Firebrand  - Gillian Philip It's been a while since I've come across such a difficult book to write about. Part of the issue involves the subject matter, themes, and ideas in Firebrand which all seem at variance with each other. This in turn gives me mixed feelings about the novel, because I struggle to even pin it down.

For example, at once it has the features of a historical fiction and yet also major elements of fantasy, specifically those pertaining to Celtic mythology. A big chunk of the book takes place in the Middle Ages, at the height of moral panic and mass hysteria over the devil and fear of witches. Unbeknownst to the humans, however, another world exists beyond the Veil, home to a race of beautiful immortals called the Sithe.

One of these beings is sixteen-year-old Seth, sent away from home by his insane mother Lilith who is adviser to the even more insane Sithe queen Kate. Seth grew up under the care of his father as a result, and became close to his older half-brother Conal. So when Conal is exiled to the other side of the Veil after a tiff with Kate, Seth follows voluntarily. The siblings are then forced to live amongst the mortals, attempting to hide their differences and Sithe powers in an atmosphere of danger, paranoia and superstition.

The book opens with a scene that tells the reader right away that the two of them have already failed. Caught up in a witch-hunt, Conal has been captured and is headed for the stake to be burned. I have to say it felt strange to have the climax of the novel presented to you in its first several pages, but it's also quite effective. Seth is left with not many choices, and you are left wondering what he might do and how the brothers got into this mess in the first place. The rest of the book tells that story.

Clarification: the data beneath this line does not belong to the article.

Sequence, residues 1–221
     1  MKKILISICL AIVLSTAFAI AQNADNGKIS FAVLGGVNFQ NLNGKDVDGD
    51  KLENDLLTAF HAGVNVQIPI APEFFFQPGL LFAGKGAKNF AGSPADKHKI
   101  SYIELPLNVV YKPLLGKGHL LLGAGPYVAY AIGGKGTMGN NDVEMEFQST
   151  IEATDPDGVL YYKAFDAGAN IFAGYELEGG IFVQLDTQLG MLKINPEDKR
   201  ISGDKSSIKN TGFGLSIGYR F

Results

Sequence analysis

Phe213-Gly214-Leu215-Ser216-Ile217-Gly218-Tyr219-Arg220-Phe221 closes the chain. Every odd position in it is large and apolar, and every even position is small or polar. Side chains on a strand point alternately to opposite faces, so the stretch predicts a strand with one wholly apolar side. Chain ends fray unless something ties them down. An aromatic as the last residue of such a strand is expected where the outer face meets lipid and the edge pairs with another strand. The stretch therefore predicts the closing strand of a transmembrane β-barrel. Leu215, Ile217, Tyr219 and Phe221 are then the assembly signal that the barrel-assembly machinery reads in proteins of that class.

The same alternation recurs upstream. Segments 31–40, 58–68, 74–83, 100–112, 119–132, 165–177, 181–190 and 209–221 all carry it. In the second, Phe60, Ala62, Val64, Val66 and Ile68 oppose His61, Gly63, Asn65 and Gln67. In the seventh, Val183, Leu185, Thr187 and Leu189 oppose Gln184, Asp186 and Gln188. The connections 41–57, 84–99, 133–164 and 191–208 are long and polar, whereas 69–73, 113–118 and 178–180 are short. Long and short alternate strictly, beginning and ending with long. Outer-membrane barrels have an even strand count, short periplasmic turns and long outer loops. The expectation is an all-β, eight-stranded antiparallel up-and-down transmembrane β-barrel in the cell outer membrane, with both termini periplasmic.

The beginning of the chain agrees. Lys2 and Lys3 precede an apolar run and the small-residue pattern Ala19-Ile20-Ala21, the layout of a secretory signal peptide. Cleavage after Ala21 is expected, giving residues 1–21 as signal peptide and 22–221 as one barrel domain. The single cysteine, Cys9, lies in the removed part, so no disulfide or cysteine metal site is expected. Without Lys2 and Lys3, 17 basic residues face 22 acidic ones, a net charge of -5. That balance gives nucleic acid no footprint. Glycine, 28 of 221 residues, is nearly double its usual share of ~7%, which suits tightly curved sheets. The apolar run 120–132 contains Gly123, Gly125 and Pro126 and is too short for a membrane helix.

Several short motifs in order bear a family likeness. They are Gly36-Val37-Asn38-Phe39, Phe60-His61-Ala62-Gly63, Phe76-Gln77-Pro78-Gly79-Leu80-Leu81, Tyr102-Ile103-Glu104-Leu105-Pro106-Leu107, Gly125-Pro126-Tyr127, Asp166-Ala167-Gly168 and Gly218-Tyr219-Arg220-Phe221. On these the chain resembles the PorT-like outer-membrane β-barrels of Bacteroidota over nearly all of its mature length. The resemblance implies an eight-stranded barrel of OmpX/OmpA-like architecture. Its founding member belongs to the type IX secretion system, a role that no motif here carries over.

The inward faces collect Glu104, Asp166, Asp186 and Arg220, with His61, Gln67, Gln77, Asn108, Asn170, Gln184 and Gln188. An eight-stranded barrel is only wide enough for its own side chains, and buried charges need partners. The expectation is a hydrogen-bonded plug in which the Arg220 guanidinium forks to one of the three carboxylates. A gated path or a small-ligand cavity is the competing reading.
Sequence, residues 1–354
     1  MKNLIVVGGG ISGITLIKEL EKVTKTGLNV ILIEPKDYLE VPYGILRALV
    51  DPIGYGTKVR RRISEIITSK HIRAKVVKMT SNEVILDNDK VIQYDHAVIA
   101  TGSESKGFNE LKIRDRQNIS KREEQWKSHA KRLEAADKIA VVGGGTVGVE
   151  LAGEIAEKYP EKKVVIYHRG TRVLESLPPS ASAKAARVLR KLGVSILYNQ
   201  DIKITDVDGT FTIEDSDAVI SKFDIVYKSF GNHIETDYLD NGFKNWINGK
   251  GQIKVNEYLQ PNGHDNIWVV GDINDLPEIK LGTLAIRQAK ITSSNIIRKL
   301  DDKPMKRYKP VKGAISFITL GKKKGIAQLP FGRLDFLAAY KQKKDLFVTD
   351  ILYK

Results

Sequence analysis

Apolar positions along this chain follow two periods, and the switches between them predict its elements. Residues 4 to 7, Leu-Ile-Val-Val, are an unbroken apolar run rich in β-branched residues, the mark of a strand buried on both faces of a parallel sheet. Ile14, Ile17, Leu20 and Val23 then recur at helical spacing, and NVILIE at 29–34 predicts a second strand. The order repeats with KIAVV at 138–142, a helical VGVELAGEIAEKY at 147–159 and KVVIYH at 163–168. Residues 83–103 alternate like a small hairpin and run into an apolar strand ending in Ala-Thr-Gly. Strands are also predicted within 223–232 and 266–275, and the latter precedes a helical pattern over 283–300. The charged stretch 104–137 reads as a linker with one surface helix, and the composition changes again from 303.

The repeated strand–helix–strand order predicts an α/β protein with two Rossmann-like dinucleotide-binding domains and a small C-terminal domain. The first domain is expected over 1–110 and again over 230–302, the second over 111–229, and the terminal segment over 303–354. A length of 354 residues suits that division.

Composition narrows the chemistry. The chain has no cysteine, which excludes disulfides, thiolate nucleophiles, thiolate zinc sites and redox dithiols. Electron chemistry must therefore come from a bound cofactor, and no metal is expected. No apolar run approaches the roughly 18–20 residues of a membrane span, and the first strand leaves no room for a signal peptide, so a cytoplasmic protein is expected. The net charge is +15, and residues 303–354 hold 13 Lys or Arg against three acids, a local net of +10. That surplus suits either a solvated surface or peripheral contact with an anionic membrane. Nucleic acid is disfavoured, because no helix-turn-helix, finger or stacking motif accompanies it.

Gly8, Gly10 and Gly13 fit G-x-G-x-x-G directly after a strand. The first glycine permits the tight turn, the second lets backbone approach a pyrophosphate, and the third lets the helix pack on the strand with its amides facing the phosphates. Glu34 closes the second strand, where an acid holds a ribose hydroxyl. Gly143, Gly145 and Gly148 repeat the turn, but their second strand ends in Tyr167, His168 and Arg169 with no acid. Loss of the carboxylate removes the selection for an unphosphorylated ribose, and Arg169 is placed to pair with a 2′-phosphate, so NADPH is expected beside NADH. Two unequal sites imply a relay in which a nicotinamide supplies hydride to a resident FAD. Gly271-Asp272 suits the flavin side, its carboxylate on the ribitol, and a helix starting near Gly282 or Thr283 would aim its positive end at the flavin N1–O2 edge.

It's entirely possible this is what made Firebrand feel so disjointed for me. At the same time, I also feel like there's not enough context given throughout the novel, certain sections giving me that strange sense I'm missing out on huge chunks of the story even though I know I'm not. It feels like there's an expectation for me to know everything that's happening around these characters, and even though Seth is the narrator, I often have trouble following his train of thought as he moves from action to action. It's like we're not always there with him in his head, perceiving or understanding things the same way he does.

Also, despite the ages of the main characters and the particular themes in this novel, I would hesitate to really categorize this book as Young Adult. This is just another one of those aforementioned contradictions I spoke of, because despite the nature of the marketing material and blurbs I see covering the dust jacket of my hardcover, it just doesn't read like YA. I can't really put my finger on why, as I wouldn't say it's inappropriate for the young adult audience either. I suspect the immortality of the Sithe characters may have something to do with it, as I see a stark difference between them and typical YA protagonists when it comes to their attitudes, way of life, and beliefs.

Whatever it is, somehow I just don't feel Firebrand fits the mold. For better or worse, I also think that about many other aspects of this novel. It was certainly a bit different, and the positive thing is I didn't dislike it -- in fact, I enjoyed reading this, but I don't think I can say I really loved it either. I think if its story and themes were more cogent, my thoughts and opinions on this book might have ended up less ambiguous.